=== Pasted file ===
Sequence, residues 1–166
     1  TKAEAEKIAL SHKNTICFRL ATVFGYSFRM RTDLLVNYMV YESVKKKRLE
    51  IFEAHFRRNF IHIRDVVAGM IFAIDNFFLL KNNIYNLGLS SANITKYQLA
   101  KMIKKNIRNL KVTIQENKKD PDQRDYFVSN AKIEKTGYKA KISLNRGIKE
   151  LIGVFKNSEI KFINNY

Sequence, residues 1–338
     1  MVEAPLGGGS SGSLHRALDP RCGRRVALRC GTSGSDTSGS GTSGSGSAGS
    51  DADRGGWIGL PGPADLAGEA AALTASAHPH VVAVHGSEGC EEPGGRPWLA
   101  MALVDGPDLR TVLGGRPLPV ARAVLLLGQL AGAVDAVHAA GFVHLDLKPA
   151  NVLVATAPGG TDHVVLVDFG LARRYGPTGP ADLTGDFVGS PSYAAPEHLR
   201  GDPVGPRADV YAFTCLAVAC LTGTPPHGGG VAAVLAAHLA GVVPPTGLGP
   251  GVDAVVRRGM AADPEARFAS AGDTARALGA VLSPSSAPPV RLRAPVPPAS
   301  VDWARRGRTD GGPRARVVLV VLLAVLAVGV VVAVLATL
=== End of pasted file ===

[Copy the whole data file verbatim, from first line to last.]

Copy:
Sequence, residues 1–166
     1  TKAEAEKIAL SHKNTICFRL ATVFGYSFRM RTDLLVNYMV YESVKKKRLE
    51  IFEAHFRRNF IHIRDVVAGM IFAIDNFFLL KNNIYNLGLS SANITKYQLA
   101  KMIKKNIRNL KVTIQENKKD PDQRDYFVSN AKIEKTGYKA KISLNRGIKE
   151  LIGVFKNSEI KFINNY

Sequence, residues 1–338
     1  MVEAPLGGGS SGSLHRALDP RCGRRVALRC GTSGSDTSGS GTSGSGSAGS
    51  DADRGGWIGL PGPADLAGEA AALTASAHPH VVAVHGSEGC EEPGGRPWLA
   101  MALVDGPDLR TVLGGRPLPV ARAVLLLGQL AGAVDAVHAA GFVHLDLKPA
   151  NVLVATAPGG TDHVVLVDFG LARRYGPTGP ADLTGDFVGS PSYAAPEHLR
   201  GDPVGPRADV YAFTCLAVAC LTGTPPHGGG VAAVLAAHLA GVVPPTGLGP
   251  GVDAVVRRGM AADPEARFAS AGDTARALGA VLSPSSAPPV RLRAPVPPAS
   301  VDWARRGRTD GGPRARVVLV VLLAVLAVGV VVAVLATL